Sage advice from an elderly gentleman perched atop a lonely mountain.
Hello friends, today I bring to you some thoughts on a question sent to me from a Mr. John Tanner of Mesquite, Texas.
“Dear Banaba,” he writes. “The question that constantly comes to my mind is simply, what the Hell? I mean, as I look around me, I wonder…seriously, what the Hell?”
To my new friend John I say, “What the Hell, indeed.”
Your question is really most profound.
Many people around the world have asked it again and again throughout all of time. Some have used it more as an expression of their frustrations and in more of a rhetorical sense while others seriously and earnestly ask it because they would really like to know in that moment – “What the Hell!?”
No matter what in your life brought to where you needed to ask, the question as you ask it certainly deserves an answer.
I can tell you that the answer is not easy, nor is it overly complex. The answer can also be as individual as the person who asks it and may be affected by the variable context in which it is asked. So, there could be over a billion possible answers.
But, let us not try to boil the ocean today. Instead, today let me tell you that there are basically three answers to your question.
In a literal sense, the answer relates to Hell itself, of course. For some reason, things in your life start to move in a direction that you feel ill prepared for. It may appear to be something that is either truly difficult to resolve or just too much of an inconvenience at that point in time for you to want to deal with it. Mentally, you may feel as though Hell has literally opened up and brought forth this horrible thing just to ruin your day.
In many ways, you are correct.
As an example, you are driving to an appointment and are running late, but you have it all planned out and you still have time to get to your meeting. Then you realize you need to pick something up at the store. You can adjust your plan, but that makes your schedule even tighter. It’s doable, of course, but much tighter. Then you find yourself in a traffic jam. It’s bad. You will miss your appointment, you will not get to the store and in fact, it looks like you will miss your next appointment as well and get home late.
“What the Hell!?”
It seems unlikely – if Hell is as we understand it to be – that Hell, or whoever runs it would select you out of everyone who needs their compass adjusted, to ruin your day. However, if that is how you feel, that is your reality, and that is ultimately what you must deal with.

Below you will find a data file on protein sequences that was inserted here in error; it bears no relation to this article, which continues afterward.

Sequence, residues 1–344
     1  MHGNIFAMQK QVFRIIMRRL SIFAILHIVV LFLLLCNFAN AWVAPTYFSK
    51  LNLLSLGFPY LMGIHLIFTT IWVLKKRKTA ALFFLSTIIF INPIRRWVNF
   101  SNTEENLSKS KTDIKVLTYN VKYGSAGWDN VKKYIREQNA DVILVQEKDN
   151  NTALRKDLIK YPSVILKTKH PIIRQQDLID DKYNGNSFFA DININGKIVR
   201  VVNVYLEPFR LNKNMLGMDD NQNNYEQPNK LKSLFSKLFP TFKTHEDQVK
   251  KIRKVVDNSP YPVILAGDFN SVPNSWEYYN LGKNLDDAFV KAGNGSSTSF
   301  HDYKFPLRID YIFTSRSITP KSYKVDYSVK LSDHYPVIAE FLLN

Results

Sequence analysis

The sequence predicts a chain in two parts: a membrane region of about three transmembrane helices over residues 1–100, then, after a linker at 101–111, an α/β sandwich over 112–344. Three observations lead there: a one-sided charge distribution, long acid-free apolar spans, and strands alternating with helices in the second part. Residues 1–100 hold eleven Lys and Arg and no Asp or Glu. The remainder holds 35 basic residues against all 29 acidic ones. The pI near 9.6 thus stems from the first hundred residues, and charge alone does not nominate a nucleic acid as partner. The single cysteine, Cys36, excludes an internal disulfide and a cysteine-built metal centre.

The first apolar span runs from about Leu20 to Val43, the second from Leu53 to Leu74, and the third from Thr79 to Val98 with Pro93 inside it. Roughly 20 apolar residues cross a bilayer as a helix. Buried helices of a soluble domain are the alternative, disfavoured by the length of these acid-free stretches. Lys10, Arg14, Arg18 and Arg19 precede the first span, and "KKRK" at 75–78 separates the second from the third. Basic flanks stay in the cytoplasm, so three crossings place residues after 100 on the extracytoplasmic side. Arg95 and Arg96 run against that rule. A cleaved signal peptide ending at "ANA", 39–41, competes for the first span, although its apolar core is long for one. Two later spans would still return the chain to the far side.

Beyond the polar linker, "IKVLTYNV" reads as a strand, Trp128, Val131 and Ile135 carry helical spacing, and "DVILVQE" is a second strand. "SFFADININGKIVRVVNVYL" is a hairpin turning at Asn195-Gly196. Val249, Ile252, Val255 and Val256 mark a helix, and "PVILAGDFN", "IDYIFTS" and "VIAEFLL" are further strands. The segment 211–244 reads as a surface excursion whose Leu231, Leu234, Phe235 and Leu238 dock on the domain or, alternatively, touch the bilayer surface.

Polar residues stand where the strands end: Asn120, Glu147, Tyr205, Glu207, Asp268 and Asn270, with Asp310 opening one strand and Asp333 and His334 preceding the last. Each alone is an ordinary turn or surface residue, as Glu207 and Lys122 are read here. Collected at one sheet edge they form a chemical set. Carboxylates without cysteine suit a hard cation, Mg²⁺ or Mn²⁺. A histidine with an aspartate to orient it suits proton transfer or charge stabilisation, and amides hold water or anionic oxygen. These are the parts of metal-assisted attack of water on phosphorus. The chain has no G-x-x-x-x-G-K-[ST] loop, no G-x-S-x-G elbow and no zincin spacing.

If we further explore the more rhetorical side of the question, viewing it less as a question and more of an expression of emotion, Hell in this case may be no less real, but is then applied to the thing you see or encounter.
As an example, you are walking along minding your own business when a speeding truck barrels down the street and plows into a box of baby rabbits.
What the Hell!? Am I right?
In this case, you are making an expression that applies to the horror, or the Hellish scene, that unfolds before you. Unless those are your bunnies, you are probably not directly affected in this case, but the horror for you is still very real. You do not have to deal with the circumstances of the situation intimately, but you will have to learn how to process what you have seen so that in some way you can accept that the thing occurred and can now move forward.
As a good friend once told me, “Hey Bro, sometimes shit is just messed up.”
Again, this leans less toward an answer and more toward an expression. But it can also be taken as an ending statement, like a period at the end of a sentence.
You may not understand what happened or why, no matter how “messed up” it is. In this sense, your “What the Hell?” is merely an acknowledgement of the event. A stake in the ground that allows you to take the next step into your world without being eternally bound to the event.
To think of it another way, it is giving yourself the right to move past what might be seen as the futility of over analysis, complicating the very simple or getting stuck in something you have little or no ability to change.
As an example, you come across a lavish tray of freshly baked cookies. You know you do not need a cookie, but that knowledge is nothing against the desire to have a cookie. You could spend many valuable minutes of your life debating the pros and cons of eating a cookie, when in actuality, you have already decided to eat the cookie and you are merely going through the exercise of internal debate to soothe your conscious mind once the cookie is consumed.
To resolve this conflict, you say, “What the Hell?” and you eat the cookie.
So you see John, despite your frustration in the moment that inspired this question, you will likely encounter a great many more. Being able to answer your question, and being able to accept that answer will be the key to a greater inner calm and a better overall life.
Peace to you – Banaba